16. Murray I, Kohl J, Cianflone K. Acylation-stimulating protein (ASP): structure-function determinants of cell surface binding and triacylglycerol synthetic activity. Biochem J. 1999 Aug 15;342 ( Pt 1):41-8. PMID:10432298
  17. Kalant D, MacLaren R, Cui W, Samanta R, Monk PN, Laporte SA, Cianflone K. C5L2 is a functional receptor for acylation-stimulating protein. J Biol Chem. 2005 Jun 24;280(25):23936-44. Epub 2005 Apr 14. PMID:15833747 doi:10.1074/jbc.M406921200
  18. Maslowska M, Legakis H, Assadi F, Cianflone K. Targeting the signaling pathway of acylation stimulating protein. J Lipid Res. 2006 Mar;47(3):643-52. Epub 2005 Dec 6. PMID:16333141 doi:10.1194/jlr.M500500-JLR200
  19. Cui W, Simaan M, Laporte S, Lodge R, Cianflone K. C5a- and ASP-mediated C5L2 activation, endocytosis and recycling are lost in S323I-C5L2 mutation. Mol Immunol. 2009 Sep;46(15):3086-98. Epub 2009 Jul 16. PMID:19615750 doi:S0161-5890(09)00421-0
  20. Baldo A, Sniderman AD, St-Luce S, Avramoglu RK, Maslowska M, Hoang B, Monge JC, Bell A, Mulay S, Cianflone K. The adipsin-acylation stimulating protein system and regulation of intracellular triglyceride synthesis. J Clin Invest. 1993 Sep;92(3):1543-7. PMID:8376604 doi:http://dx.doi.org/10.1172/JCI116733
  21. Cianflone KM, Sniderman AD, Walsh MJ, Vu HT, Gagnon J, Rodriguez MA. Purification and characterization of acylation stimulating protein. J Biol Chem. 1989 Jan 5;264(1):426-30. PMID:2909530
  22. Tao Y, Cianflone K, Sniderman AD, Colby-Germinario SP, Germinario RJ. Acylation-stimulating protein (ASP) regulates glucose transport in the rat L6 muscle cell line. Biochim Biophys Acta. 1997 Feb 18;1344(3):221-9. PMID:9059512
  23. Saleh J, Summers LK, Cianflone K, Fielding BA, Sniderman AD, Frayn KN. Coordinated release of acylation stimulating protein (ASP) and triacylglycerol clearance by human adipose tissue in vivo in the postprandial period. J Lipid Res. 1998 Apr;39(4):884-91. PMID:9555951
  24. Murray I, Kohl J, Cianflone K. Acylation-stimulating protein (ASP): structure-function determinants of cell surface binding and triacylglycerol synthetic activity. Biochem J. 1999 Aug 15;342 ( Pt 1):41-8. PMID:10432298
  25. Kalant D, MacLaren R, Cui W, Samanta R, Monk PN, Laporte SA, Cianflone K. C5L2 is a functional receptor for acylation-stimulating protein. J Biol Chem. 2005 Jun 24;280(25):23936-44. Epub 2005 Apr 14. PMID:15833747 doi:10.1074/jbc.M406921200
  26. Maslowska M, Legakis H, Assadi F, Cianflone K. Targeting the signaling pathway of acylation stimulating protein. J Lipid Res. 2006 Mar;47(3):643-52. Epub 2005 Dec 6. PMID:16333141 doi:10.1194/jlr.M500500-JLR200
  27. Cui W, Simaan M, Laporte S, Lodge R, Cianflone K. C5a- and ASP-mediated C5L2 activation, endocytosis and recycling are lost in S323I-C5L2 mutation. Mol Immunol. 2009 Sep;46(15):3086-98. Epub 2009 Jul 16. PMID:19615750 doi:S0161-5890(09)00421-0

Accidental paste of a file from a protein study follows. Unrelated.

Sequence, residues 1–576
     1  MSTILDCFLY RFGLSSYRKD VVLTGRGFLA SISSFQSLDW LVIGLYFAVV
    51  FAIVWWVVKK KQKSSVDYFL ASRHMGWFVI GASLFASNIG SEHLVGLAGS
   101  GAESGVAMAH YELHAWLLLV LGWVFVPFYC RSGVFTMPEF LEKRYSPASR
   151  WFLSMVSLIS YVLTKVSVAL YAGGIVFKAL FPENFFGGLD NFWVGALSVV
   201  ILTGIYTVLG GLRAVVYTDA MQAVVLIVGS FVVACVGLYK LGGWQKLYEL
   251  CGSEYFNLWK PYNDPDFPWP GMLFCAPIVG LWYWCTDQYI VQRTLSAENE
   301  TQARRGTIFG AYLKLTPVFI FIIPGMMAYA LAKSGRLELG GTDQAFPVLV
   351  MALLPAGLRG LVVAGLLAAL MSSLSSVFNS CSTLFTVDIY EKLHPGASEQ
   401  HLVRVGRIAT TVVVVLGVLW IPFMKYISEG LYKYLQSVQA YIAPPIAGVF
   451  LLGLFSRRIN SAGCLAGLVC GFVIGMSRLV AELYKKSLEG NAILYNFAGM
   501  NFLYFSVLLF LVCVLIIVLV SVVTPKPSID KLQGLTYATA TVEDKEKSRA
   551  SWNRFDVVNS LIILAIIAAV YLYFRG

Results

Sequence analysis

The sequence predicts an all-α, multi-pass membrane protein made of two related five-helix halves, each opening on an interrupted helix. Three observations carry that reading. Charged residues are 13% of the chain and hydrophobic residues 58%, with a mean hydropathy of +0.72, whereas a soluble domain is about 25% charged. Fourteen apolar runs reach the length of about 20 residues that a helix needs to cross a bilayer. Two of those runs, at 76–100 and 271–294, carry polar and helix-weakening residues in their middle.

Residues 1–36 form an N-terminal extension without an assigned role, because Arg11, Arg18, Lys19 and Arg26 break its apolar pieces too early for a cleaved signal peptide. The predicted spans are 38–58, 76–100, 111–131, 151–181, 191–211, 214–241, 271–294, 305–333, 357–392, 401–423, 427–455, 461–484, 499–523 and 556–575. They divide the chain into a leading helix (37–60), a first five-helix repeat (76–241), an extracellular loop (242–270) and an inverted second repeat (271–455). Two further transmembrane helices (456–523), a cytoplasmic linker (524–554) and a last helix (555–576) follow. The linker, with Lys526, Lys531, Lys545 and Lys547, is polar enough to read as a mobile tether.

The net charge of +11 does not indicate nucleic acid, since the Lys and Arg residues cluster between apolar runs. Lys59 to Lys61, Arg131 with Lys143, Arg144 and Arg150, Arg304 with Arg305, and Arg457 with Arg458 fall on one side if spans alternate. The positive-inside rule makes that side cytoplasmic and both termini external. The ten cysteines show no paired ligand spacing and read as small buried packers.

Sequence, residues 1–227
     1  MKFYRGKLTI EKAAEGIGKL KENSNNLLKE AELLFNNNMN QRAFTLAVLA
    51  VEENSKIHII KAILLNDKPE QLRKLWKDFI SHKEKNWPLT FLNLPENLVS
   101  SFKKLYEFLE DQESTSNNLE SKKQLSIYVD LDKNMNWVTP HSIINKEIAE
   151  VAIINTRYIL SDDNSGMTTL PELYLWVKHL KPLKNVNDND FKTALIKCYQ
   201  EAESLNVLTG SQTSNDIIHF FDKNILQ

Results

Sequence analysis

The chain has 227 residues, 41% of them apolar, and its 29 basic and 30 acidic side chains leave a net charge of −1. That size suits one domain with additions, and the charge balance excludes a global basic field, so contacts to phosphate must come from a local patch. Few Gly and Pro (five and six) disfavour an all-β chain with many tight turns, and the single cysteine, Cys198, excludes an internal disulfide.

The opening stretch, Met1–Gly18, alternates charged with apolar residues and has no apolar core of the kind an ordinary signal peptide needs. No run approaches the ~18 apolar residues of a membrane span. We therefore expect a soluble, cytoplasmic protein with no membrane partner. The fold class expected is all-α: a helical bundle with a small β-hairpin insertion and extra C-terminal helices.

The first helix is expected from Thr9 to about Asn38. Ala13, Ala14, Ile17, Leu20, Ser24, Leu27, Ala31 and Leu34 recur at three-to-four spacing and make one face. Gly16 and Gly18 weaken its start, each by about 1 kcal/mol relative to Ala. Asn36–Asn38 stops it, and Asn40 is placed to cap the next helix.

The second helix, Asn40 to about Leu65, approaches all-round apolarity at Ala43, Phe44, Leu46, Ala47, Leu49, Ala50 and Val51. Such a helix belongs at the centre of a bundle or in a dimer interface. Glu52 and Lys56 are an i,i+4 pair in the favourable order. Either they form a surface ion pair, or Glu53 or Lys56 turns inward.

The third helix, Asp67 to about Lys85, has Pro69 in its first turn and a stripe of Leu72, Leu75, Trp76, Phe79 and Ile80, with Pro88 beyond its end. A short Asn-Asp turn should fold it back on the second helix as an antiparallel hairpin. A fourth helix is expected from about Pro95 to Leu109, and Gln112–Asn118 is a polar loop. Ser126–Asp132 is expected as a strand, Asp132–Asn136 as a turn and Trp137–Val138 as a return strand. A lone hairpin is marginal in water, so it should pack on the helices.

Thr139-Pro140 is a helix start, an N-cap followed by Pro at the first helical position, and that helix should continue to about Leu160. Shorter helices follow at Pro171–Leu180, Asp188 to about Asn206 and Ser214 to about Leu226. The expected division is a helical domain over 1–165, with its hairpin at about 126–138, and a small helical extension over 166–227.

28. Baldo A, Sniderman AD, St-Luce S, Avramoglu RK, Maslowska M, Hoang B, Monge JC, Bell A, Mulay S, Cianflone K. The adipsin-acylation stimulating protein system and regulation of intracellular triglyceride synthesis. J Clin Invest. 1993 Sep;92(3):1543-7. PMID:8376604 doi:http://dx.doi.org/10.1172/JCI116733
  29. Cianflone KM, Sniderman AD, Walsh MJ, Vu HT, Gagnon J, Rodriguez MA. Purification and characterization of acylation stimulating protein. J Biol Chem. 1989 Jan 5;264(1):426-30. PMID:2909530
  30. Tao Y, Cianflone K, Sniderman AD, Colby-Germinario SP, Germinario RJ. Acylation-stimulating protein (ASP) regulates glucose transport in the rat L6 muscle cell line. Biochim Biophys Acta. 1997 Feb 18;1344(3):221-9. PMID:9059512
  31. Saleh J, Summers LK, Cianflone K, Fielding BA, Sniderman AD, Frayn KN. Coordinated release of acylation stimulating protein (ASP) and triacylglycerol clearance by human adipose tissue in vivo in the postprandial period. J Lipid Res. 1998 Apr;39(4):884-91. PMID:9555951
  32. Murray I, Kohl J, Cianflone K. Acylation-stimulating protein (ASP): structure-function determinants of cell surface binding and triacylglycerol synthetic activity. Biochem J. 1999 Aug 15;342 ( Pt 1):41-8. PMID:10432298
  33. Kalant D, MacLaren R, Cui W, Samanta R, Monk PN, Laporte SA, Cianflone K. C5L2 is a functional receptor for acylation-stimulating protein. J Biol Chem. 2005 Jun 24;280(25):23936-44. Epub 2005 Apr 14. PMID:15833747 doi:10.1074/jbc.M406921200
  34. Maslowska M, Legakis H, Assadi F, Cianflone K. Targeting the signaling pathway of acylation stimulating protein. J Lipid Res. 2006 Mar;47(3):643-52. Epub 2005 Dec 6. PMID:16333141 doi:10.1194/jlr.M500500-JLR200
  35. Cui W, Simaan M, Laporte S, Lodge R, Cianflone K. C5a- and ASP-mediated C5L2 activation, endocytosis and recycling are lost in S323I-C5L2 mutation. Mol Immunol. 2009 Sep;46(15):3086-98. Epub 2009 Jul 16. PMID:19615750 doi:S0161-5890(09)00421-0